Marlo Thomas' $700 million passion: Why I giveDecember 3, 2009: 11:05 AM ET
Before Mary Richards and Murphy Brown, there was Ann Marie--That Girl. I grew up in the '60s. So Marlo Thomas, who played the first independent working woman I ever saw on TV, had a major impact on me. Nearly a half-century later (yikes!), I now know Marlo personally. It's enormously gratifying to see an icon of my youth not only going strong (and looking young) but doing work that really matters.
Marlo has helped build St. Jude Children's Research Hospital, founded in Memphis in 1962 by her father, into one of the world's outstanding children's hospitals. She's been instrumental in raising $700 million a year for St. Jude. With a clever idea, the annual "Thanks and Giving" campaign, has come Marlo's tireless rallying of CEOs of big companies--including Target (TGT), CVS (CVS), Saks (SKS), FedEx (FDX), and AOL (TWX)--to support St. Jude's and kids in need. This month is primetime for "Thanks and Giving." We're honored to have Marlo explain in this Guest Post where she gets her passion. --Patricia Sellers
My father, Danny Thomas, who founded St. Jude Children's Research Hospital 47 years ago, told my siblings and me a lot of things when we were growing up. One of my favorites is this: "There are two kinds of people in the world: the givers and the takers. The takers sometimes eat better, but the givers always sleep better."
I never expected to have the passion to be crisscrossing the country speaking out on behalf of St. Jude. In fact, my father told my sister, Terre, and my brother, Tony, that the work of the hospital would not be our burden to carry after he was gone.
But how could we not carry on? We'd been living with St. Jude all our lives.
When we were kids, no one was allowed to take phone calls during dinner. But my father was allowed to break that rule if a call came in from St. Jude.
I'll never forget when he came back to the table, he'd sometimes have tears in his eyes because a little boy named David "didn't make it." Or he'd be beaming because a little girl named Amy was "going home at last."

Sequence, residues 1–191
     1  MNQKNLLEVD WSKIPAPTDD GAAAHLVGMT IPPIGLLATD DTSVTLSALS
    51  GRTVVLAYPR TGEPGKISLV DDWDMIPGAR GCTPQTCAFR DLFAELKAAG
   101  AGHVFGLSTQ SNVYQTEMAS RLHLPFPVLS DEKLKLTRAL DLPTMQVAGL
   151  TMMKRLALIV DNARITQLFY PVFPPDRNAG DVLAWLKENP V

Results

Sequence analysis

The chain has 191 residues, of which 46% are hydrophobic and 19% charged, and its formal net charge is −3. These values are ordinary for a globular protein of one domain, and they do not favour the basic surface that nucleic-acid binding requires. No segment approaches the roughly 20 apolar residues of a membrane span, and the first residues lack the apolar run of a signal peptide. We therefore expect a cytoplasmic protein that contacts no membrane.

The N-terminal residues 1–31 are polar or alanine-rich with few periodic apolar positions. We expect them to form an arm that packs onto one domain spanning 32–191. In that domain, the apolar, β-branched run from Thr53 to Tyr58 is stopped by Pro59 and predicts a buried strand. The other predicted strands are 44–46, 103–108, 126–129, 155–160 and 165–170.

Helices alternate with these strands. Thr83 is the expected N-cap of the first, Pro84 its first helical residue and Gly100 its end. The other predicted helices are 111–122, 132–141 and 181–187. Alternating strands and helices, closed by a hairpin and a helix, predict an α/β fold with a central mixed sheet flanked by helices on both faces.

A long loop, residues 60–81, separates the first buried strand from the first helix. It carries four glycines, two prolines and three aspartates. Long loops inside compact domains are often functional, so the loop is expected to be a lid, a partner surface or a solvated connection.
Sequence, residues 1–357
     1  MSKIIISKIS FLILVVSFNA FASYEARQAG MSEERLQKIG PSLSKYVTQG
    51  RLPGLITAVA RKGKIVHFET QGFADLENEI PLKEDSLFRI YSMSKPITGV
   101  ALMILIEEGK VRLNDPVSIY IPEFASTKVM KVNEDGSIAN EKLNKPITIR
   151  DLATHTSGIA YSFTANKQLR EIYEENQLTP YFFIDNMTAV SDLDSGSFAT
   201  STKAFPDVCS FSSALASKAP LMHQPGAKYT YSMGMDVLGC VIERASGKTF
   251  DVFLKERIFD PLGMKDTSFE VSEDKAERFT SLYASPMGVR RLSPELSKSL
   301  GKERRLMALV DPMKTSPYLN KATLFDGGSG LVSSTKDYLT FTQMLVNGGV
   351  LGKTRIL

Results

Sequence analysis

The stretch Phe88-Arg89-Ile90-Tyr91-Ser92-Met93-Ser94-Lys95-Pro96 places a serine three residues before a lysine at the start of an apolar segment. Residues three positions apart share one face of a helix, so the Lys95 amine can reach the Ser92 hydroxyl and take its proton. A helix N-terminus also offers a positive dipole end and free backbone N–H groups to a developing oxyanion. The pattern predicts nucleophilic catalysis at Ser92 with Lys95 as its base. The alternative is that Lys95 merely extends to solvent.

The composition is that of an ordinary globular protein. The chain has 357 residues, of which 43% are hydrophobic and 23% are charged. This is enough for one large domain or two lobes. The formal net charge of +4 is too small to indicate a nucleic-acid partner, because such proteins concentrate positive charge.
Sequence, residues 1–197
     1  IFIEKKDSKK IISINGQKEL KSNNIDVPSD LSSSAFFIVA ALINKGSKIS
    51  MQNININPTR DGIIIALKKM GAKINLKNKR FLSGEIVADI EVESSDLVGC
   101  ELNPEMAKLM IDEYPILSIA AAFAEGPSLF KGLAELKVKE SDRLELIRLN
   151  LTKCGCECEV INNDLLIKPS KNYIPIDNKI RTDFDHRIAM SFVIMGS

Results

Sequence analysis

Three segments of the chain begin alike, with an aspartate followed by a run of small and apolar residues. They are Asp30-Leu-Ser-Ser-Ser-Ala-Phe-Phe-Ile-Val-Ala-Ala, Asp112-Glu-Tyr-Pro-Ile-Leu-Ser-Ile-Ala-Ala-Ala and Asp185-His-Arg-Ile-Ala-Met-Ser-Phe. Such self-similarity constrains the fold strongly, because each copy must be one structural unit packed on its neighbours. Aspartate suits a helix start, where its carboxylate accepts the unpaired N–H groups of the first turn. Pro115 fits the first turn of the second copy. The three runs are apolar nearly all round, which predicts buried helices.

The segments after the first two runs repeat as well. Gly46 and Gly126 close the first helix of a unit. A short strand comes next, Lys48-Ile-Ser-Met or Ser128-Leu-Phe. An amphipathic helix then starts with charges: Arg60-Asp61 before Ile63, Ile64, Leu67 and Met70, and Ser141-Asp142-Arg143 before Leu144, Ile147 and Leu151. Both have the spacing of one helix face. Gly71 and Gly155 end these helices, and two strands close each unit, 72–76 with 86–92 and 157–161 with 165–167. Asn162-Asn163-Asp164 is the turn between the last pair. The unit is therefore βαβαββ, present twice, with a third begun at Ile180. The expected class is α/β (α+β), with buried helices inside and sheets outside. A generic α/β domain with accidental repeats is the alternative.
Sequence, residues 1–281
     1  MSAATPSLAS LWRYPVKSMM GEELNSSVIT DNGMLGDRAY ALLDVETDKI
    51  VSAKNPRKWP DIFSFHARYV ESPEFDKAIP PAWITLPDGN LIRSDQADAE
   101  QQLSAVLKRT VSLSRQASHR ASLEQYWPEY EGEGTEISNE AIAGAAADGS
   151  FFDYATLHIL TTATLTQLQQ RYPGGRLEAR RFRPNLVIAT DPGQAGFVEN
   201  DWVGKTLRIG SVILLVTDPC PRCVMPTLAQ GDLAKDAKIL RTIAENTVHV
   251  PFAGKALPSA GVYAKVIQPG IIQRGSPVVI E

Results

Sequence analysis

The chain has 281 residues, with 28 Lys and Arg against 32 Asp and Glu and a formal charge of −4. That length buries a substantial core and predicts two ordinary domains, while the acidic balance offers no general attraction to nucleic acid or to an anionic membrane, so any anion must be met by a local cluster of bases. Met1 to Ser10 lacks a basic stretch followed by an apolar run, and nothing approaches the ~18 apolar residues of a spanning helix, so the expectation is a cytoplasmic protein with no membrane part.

My sister and brother and I would wonder: Who are these children? And why are they so important to our Daddy?
It wasn't until soon after my father died in 1991 that I began to understand what drove his passion for these kids and their families.
One time, I was in the medicine room at St. Jude, in the middle of an ordinary day. People were bustling about, and suddenly a little six-year-old boy leapt up onto his chair, ecstatic.
"Mommy!" he screamed out, "I don't have cancer anymore!"
There was a moment of silence. And then every one of us in that room--doctors, nurses, other patients and their families--all of us just started to cry.
When you look into the faces of these children, you see the face of humanity. You see courage and compassion and incredible strength.
You see a capacity for joy in the face of adversity that is simply astounding. You see the potential that is in all of us.
So, even though my dad relieved me of the burden to continue his work for the hospital, I can't resist. And it's hardly a burden.
In 2004, Terre, Tony and I decided to launch the "Thanks and Giving" campaign, in which holiday shoppers everywhere can "give thanks for the healthy children in their life, and give to those who are not."
"Thanks and Giving" is now an annual campaign. Its goal is to raise not just funds for children stricken with catastrophic diseases, but also awareness. We want parents everywhere to know that St. Jude remains a beacon of hope for families in their darkest hour.
Everywhere you look this month, whether you're at your local mall or watching movie trailers in your neighborhood multiplex, you'll see the beautiful kids of St. Jude, along with me and some of our very famous friends, like Jennifer Aniston, Robin Williams, Antonio Banderas and NFL great Reggie Bush.
Our retail partners--and we have 50 of them!--will ask you if you would like to donate a dollar or more to your purchase for the kids of St. Jude. I've been incredibly touched by the millions of people who have said yes. I'm hoping you'll say yes too.
Marlo Thomas is the National Outreach Director for St. Jude Children's Research Hospital. An award-winning actress, author and activist, she's been honored with four Emmy Awards, the Peabody, a Golden Globe, a Grammy and has been inducted into the Broadcasting Hall of Fame. She is currently starring in George is Dead, a comedy written and directed by Elaine May, in Tucson and Phoenix at the Arizona Theatre Company.